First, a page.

The C.A.M. Report
Complementary and Alternative Medicine: Fair, Balanced, and to the Point

Archive for the 'Pain-Shoulder' Category

Acupuncture: Effective to treat chronic pain

Tuesday, September 11th, 2012

Although it’s widely used for chronic pain, there’s controversy as to its value.

Now, researchers at Memorial Sloan-Kettering Cancer Center, in New York City, reviewed the evidence in 4 chronic pain conditions. (more…)

Review: Acupuncture to treat pain

Monday, October 10th, 2011

Prof. Ernst and a colleague reviewed previous Cochrane reviews. (more…)

TENS to treat latent myofascial trigger points

Sunday, October 9th, 2011

Myofascial trigger points may cause joint pain, headaches, and other kinds of pain so severe that it doesn’t respond well to painkillers.

Researchers at CEU-San Pablo University, in Madrid, Spain, assessed the response to burst application of transcutaneous electrical nerve stimulation (TENS). (more…)

TENS to treat trapezius muscle trigger points

Sunday, October 9th, 2011

The trapezius muscle contains trigger points (hyperirritable spots). Referred pain from these trigger points frequently cause patients to seek treatment.

Researchers at Anglo-European College of Chiropractic, in Bournemouth, UK, studied the immediate effect of electric point stimulation (TENS). (more…)

Feldenkrais as group treatment for chronic pain

Monday, October 3rd, 2011

Researchers at Umea University, in Sweden, report on the experiences of people with chronic pain after Feldenkrais group intervention. (more…)

Tai chi in female computer users

Thursday, February 24th, 2011

Workplace computer use has been linked to musculoskeletal disorders, a leading cause of work disability and productivity losses in industrialized nations.

Researchers from York University, in Toronto, Ontario studied tai chi as a workplace physical exercise for health promotion. (more…)


Wednesday, January 19th, 2011

Type “naprapathy” into Google and — you guessed it, — you’re asked, Did you mean: Naturopathy?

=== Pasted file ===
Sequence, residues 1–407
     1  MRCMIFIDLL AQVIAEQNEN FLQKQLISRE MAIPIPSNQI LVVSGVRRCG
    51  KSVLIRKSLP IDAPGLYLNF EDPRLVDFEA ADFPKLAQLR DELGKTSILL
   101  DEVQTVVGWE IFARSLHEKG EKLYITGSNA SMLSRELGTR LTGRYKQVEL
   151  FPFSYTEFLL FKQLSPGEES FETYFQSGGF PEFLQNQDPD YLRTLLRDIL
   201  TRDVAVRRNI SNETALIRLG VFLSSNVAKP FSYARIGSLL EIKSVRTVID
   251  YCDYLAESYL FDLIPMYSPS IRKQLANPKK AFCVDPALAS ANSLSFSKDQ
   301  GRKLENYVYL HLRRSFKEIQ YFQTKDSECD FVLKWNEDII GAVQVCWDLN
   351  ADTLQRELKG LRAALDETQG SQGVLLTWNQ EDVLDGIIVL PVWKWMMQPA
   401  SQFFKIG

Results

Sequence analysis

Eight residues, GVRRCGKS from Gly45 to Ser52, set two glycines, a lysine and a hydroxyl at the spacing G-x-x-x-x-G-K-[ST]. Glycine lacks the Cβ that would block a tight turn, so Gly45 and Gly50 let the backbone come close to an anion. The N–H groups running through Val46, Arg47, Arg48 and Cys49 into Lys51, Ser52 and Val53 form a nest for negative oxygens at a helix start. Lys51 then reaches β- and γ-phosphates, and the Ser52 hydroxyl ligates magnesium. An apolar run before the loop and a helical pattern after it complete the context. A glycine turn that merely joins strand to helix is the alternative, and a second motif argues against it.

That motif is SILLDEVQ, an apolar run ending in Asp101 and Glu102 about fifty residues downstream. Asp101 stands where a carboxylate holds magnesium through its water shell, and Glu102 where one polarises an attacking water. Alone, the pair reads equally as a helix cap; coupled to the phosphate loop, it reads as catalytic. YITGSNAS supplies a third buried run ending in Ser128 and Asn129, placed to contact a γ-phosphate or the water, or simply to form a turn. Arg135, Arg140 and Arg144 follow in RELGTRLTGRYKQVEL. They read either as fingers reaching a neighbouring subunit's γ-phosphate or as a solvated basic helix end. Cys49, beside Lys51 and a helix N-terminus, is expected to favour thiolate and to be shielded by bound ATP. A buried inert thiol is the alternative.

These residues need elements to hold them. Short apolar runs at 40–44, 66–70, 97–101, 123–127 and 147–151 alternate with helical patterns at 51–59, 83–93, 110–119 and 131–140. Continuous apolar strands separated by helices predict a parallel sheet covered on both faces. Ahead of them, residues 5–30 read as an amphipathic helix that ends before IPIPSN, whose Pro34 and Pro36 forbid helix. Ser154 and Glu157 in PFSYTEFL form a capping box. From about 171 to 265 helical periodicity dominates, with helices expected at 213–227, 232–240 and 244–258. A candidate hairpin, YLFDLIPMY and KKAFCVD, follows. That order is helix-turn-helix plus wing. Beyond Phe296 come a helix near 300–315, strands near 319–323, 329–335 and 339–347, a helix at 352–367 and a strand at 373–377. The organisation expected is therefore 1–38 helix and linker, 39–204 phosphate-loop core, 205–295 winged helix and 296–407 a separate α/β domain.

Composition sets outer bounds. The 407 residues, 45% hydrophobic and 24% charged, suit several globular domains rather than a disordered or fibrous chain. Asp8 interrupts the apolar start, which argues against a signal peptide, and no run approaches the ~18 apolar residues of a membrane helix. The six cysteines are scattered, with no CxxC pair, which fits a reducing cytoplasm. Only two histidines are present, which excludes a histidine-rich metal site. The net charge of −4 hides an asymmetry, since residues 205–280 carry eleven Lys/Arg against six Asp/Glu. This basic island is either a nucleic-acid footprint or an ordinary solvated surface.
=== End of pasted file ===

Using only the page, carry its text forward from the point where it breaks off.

No…I meant N A P R A P A T H Y ? the stealthy CAM.


Treating rotator cuff pain with exercise

Wednesday, December 8th, 2010

shoulder-painRadial extracorporeal shockwave treatment was compared to supervised exercises by researchers at Ullevaal University Hospital, in Oslo, Norway. (more…)

Cupping in patients with carpal tunnel syndrome

Monday, March 22nd, 2010

Cupping is a treatment in which evacuated cups are applied to the skin to draw blood through the surface.

Researchers from Immanuel Hospital Berlin, in Germany reported the response to this traditional method of treating musculoskeletal pain. (more…)

Using Gausha to treat musculoskeletal pain

Sunday, March 14th, 2010

Guasha (aka Gha Sha) is used in Chinese medicine to control pain. It uses tools to scrape or rub the surface of the body to relieve blood (Xue) stagnation (video here).

Researchers from the Korea Institute of Oriental Medicine, in Daejeon, South Korea reviewed the supporting evidence. (more…)

Acupuncture plus physiotherapy for painful shoulder

Tuesday, February 3rd, 2009

Researchers in Spain evaluated single-point acupuncture as an adjunct to physiotherapy to improve shoulder function in patients with unilateral subacromial syndrome. (more…)

Massage for chronic pain not related to cancer

Friday, December 5th, 2008

Dr. Jennie Tsao from the David Geffen School of Medicine at UCLA in California has reviewed the evidence and concludes it depends on the type of pain being treated. (more…)

Caution: neck rolls and stretches during yoga

Wednesday, March 12th, 2008

Writing in Yoga Journal, Julie Gudmestad says, “There are 2 concerns to keep in mind when working with neck positioning in yoga.”

Here’s the “what” and “why” of it. (more…)

Indian Head Massage: aka Champissage

Friday, September 7th, 2007

Let’s start by stating that neither of the above terms — Indian Head Massage, nor the trademarked term Champissage — results in an article on PubMed.

So, what’s it good for? (more…)

Prolotherapy and low-back pain

Saturday, July 14th, 2007

When combined with spinal manipulation, exercise, and other co-interventions, prolotherapy may improve chronic low-back pain and disability.

Think of it as complementary therapy for complementary therapy. (more…)